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10

See OU.org that broiling is an alternative method for Koshering meat. The Torah forbids the consumption of the blood of an animal. The two accepted methods of extracting blood from meat, a process referred to as “koshering”, are either salting or broiling.


7

First of all, meat can be eaten raw (unsalted, unroasted, un-anything, straight from the carcass) after just rinsing it (YD 67:2). Regarding salting, a non-trivial number of rabbinic authorities (even current ones) have allowed using sugar to 'salt' meat when salt was not an option (for availability or medical reasons). See this article for a sampling of ...


5

Dose of Halacha goes through the various opinions of toiletries that contain alcohol over Pesach. He explains why it isn't a problem. R’ Ovadia Yosef (Yalkut Yosef 447:2) permits using products that contain denatured alcohol on Pesach. R’ Chaim Elazar Shapira (Minchas Elazar 5:37) writes that while people are particular, once alcohol has been denatured, ...


4

If it's kitniyos then it's definitely not customarily kosher-for-passover for Ashkenazi Jews who refrain from eating kitniyos on Passover. However, even those who do eat kitniyos on Passover generally only do so with a reliable kosher-for-passover certification since there's generally not assumed to be any guarantee otherwise that there are no chametz ...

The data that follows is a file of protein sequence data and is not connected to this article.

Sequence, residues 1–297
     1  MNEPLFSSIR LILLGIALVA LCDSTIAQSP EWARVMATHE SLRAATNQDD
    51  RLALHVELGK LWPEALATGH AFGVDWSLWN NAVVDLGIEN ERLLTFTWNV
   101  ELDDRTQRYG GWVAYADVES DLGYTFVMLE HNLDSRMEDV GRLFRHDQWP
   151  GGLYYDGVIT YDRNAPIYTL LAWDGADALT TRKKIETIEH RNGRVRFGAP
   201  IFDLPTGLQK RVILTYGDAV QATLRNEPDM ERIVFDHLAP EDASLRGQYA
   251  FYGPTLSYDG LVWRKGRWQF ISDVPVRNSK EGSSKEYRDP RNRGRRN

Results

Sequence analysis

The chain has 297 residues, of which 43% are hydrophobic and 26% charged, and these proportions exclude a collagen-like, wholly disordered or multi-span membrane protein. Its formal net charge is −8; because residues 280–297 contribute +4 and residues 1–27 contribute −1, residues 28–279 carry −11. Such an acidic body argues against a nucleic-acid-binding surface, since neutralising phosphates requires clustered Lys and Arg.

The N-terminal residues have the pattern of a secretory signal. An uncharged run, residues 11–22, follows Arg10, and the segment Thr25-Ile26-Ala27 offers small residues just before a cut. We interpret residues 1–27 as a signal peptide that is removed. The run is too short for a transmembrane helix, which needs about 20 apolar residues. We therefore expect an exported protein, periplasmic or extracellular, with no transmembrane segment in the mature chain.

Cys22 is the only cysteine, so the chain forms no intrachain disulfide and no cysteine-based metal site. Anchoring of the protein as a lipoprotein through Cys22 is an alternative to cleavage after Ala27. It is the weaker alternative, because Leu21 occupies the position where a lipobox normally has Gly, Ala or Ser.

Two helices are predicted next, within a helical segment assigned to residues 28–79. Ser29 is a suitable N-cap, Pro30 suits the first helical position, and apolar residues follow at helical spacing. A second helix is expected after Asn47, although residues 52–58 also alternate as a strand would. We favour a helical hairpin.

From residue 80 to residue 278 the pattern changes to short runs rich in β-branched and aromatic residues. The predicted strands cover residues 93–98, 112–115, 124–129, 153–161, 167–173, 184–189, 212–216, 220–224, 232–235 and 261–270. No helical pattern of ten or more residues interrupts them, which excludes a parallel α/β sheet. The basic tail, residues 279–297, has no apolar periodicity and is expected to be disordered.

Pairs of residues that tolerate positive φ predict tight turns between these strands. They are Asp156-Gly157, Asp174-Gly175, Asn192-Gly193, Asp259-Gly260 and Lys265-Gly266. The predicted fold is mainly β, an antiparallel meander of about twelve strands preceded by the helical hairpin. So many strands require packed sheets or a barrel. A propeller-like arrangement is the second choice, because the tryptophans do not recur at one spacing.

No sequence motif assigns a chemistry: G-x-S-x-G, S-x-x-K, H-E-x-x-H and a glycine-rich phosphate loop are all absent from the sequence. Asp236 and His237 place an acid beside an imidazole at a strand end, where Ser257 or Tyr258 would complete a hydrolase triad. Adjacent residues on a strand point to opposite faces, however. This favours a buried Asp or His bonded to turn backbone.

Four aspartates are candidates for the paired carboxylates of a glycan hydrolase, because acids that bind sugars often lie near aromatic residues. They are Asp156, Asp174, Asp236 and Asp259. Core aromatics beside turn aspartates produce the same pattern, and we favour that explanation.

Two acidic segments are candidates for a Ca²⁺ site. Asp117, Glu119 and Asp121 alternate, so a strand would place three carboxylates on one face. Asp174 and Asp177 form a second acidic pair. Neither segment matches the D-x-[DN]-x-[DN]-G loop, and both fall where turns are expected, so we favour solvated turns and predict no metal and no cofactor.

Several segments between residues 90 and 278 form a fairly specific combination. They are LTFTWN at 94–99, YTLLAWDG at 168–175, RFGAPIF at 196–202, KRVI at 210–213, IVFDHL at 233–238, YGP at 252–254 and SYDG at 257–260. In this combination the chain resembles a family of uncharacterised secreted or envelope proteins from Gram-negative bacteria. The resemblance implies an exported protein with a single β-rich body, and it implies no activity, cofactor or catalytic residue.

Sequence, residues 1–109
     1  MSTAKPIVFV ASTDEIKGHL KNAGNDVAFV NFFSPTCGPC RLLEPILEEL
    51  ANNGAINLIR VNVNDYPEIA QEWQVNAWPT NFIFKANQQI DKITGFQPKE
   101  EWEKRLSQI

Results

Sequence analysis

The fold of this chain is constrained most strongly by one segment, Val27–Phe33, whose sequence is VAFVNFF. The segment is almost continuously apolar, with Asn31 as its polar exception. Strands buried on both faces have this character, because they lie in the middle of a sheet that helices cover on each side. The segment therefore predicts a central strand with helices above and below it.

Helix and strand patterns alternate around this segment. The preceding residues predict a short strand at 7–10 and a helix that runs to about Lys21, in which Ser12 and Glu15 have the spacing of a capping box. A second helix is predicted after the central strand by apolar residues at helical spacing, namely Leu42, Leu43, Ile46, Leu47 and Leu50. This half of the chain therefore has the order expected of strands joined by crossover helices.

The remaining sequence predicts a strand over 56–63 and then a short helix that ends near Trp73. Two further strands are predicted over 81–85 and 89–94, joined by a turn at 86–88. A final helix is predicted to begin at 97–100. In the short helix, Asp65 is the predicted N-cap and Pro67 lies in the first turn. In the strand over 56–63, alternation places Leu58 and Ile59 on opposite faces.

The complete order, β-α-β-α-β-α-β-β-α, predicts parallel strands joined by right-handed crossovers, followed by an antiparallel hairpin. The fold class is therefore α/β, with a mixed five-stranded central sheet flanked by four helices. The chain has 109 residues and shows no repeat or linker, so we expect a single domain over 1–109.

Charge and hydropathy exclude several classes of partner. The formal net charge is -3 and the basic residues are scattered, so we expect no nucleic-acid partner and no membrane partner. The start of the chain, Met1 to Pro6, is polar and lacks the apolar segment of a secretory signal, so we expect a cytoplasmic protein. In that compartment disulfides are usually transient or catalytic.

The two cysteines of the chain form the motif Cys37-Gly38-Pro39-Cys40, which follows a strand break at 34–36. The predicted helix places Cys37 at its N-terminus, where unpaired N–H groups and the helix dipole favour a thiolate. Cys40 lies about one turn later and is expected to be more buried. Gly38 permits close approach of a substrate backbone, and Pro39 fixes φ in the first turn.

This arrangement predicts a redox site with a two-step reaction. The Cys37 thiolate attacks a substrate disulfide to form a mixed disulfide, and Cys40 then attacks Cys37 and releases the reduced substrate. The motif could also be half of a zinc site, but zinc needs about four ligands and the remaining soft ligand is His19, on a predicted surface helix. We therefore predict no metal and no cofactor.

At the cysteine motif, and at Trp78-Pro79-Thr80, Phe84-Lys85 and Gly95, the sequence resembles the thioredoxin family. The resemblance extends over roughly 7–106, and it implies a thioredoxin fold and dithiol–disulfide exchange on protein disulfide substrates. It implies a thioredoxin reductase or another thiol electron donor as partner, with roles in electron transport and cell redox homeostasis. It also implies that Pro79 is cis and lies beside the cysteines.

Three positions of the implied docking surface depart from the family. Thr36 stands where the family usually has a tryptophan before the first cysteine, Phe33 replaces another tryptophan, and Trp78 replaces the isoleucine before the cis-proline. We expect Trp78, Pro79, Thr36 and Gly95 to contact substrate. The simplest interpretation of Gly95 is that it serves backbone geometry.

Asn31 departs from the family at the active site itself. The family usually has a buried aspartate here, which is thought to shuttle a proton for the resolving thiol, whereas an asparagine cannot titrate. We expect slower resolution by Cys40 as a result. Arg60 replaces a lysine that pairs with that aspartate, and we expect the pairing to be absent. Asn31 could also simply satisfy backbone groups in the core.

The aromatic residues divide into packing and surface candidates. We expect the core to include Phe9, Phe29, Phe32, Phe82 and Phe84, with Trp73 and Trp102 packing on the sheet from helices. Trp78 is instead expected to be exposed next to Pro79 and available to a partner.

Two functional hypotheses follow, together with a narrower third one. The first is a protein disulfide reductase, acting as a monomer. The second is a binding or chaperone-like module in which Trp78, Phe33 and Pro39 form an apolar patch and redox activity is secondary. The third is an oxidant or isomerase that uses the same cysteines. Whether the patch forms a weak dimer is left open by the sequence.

3

The answer to that other question provides most of the answer to this question, which is that you may engage in non-commercial activity with most non-Kosher foods. You may buy pork, and you may give pork away to a poor non-Jewish person. However, you may not gain any benefit, not even the intangible benefit of thanks, from a cooked meat/milk mixture, nor ...


3

There appears to be a difference of opinion between contemporary authorities regarding whether and how a Jew's triggering the cooking process using some indirect electronic means grants the resulting food "cooked by a Jew" (bishul Yisrael) status. Here are some pertinent opinions that I found online, which may not be representative of the full gamut of ...


3

According to the cRc site: "Cranberries - Fresh do not require kosher certification. Dried require a reliable kosher certification. " The Star-K says that fresh produce bought in a supermarket poses no problem. Chabad.org writes, "Fresh, unprocessed fruits and vegetables, however, do not require certification. " Page 92 of the OU Passover guide (from ...


1

Here's the reply I received from the OU. The Webbe Rebee didn't say anything about the OU appearing on the Starburst website. *Thank you for contacting the OU. We do not currently certify any Starburst candy. Please do not hesitate to contact us again should you have any further questions. Sincerely, The Web(be) Rebbe Orthodox Union Kashruth Division*


1

Even being a minority shareholder in a corporation does not necessarily imply that the laws of ownership do not apply. Some authorities (e.g. the Kitzur Shulchan Aruch) do not even allow depositing money in a bank with minority Jewish ownership because of the concerns of ribith (usury). (Even those who are lenient in such a case [e.g. the Shoel U'Meishiv] ...


1

I am not sure how similar the prohibition of not benefiting from Chametz is to not benefiting from mixtures of meat and milk, so having said that... I was once given cookies by a non-Jewish friend. The cookies ingredients included milk and - believe it or not - beef fat. I asked an (Orthodox) Rabbi about Bal Taschit (avoiding wastefulness) and throwing ...



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